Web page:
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  • Curiosities from UCL’s Cabinet

    By Jack Ashby, on 3 May 2017

    Guest post by Rebecca Reynolds

    ‘Curiosities’ seem to be popping up a lot on TV, radio and the web recently – such as in Radio 4’s Museum of Curiosity, where guests donate objects to a vast imaginary museum, and Professor Hutton’s Curiosities, the Discovery Channel’s 2013 series exploring quirky museums from around the UK (including the Grant Museum).

    As many will know, these titles take their cue from cabinets of curiosities, collections kept by physicians, naturalists, explorers and wealthy amateurs throughout Europe in the 16th and 17th centuries. Surviving objects from these cabinets are still on show – one is the Chaucer stone, a piece of flint broken open to show the shape of the poet’s face, in the British Museum’s Enlightenment Gallery; another is Powhatan’s mantle in the Ashmolean Museum in Oxford; yet another is ‘the Vegetable Lamb of Tartary’ in the Natural History Museum, a dried fern which people loved to believe was half animal, half plant.

    Egyptian cat goddess Bastet from the Petrie Museum. UC30384

    Egyptian cat goddess Bastet from the Petrie Museum. UC30384

    Three objects from UCL Museums ended up in my own cabinet of curiosities, a book published in February this year. (more…)

    Book Worm… Darwin’s Notebook: The Life, Times and Discoveries of Charles Robert Darwin written and compiled by Jonathan Clements – A Review

    By Naomi Asantewa-Sechereh, on 12 September 2013

    Book Worm

    Book Worm – that’s Grant and a lugworm

    Darwin’s Notebook: The Life, Times and Discoveries of Charles Robert Darwin was first published by The History Press in 2009, the year that marked the bicentennial anniversary of Darwin’s birth. It is a biography which is made to resemble a personal notebook by the inclusion of quotations and illustrations from Darwin’s own journals and books. (more…)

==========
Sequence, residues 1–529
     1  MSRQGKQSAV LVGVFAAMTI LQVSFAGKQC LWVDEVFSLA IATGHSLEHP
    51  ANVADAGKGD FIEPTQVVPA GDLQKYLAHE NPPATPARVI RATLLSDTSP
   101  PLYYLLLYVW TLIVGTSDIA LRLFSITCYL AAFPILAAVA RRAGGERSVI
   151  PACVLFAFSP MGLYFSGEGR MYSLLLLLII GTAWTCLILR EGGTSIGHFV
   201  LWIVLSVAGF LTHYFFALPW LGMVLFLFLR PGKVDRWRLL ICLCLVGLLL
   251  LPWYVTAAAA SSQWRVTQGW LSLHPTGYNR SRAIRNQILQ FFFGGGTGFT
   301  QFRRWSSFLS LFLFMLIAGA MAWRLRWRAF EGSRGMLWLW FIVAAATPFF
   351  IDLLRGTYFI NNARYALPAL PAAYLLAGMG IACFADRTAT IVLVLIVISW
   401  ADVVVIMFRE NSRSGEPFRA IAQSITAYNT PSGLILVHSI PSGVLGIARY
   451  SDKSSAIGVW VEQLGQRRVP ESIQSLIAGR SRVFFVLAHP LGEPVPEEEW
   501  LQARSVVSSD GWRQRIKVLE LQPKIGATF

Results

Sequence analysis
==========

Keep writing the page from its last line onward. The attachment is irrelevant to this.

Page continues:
Introducing Book Worm… Mammals of Africa: A Review

    By Jack Ashby, on 7 March 2013

    Book Worm - that's Grant and a lugworm

    Book Worm – that’s Grant and a lugworm

    We’ve tried a few things with our blog here, but so far book reviews haven’t been much of a feature. That may be about to change with our new predictably punned “Book Worm” feature, and to begin with I’m going for one that really is a bit of an event in zoological publishing – Mammals of Africa, published this month by Bloomsbury, and edited by the legendary Jonathan Kingdon (who also beautifully illustrates the series), David and Merridith Happold, Thomas Butyinksi, Michael Hoffman and Jan Kalina.

    My very favourite book to leaf through, because of my own zoological leanings, is Mammals of Australia (Van Dyck and Strahan, 2008). There is something deeply satisfying in completeness, and this book gives detailed and comprehensive information about every single known species of mammal in Australia. Australia is very big, and so is that book. It weighs more than 6kg. Now imagine putting together such a project for Africa, which dwarves Australia in size and variety of biotic zones. It’s a continent more rich in species of rodent than Australia is in species of mammals (and that is to say a lot).

    Mammals of Africa, therefore, is comprised of six 6kg volumes, each tackling one sixth of the continent’s diversity, extensively covering all 1116 extant known species. This is probably why such an undertaking has never been undertaken before. (more…)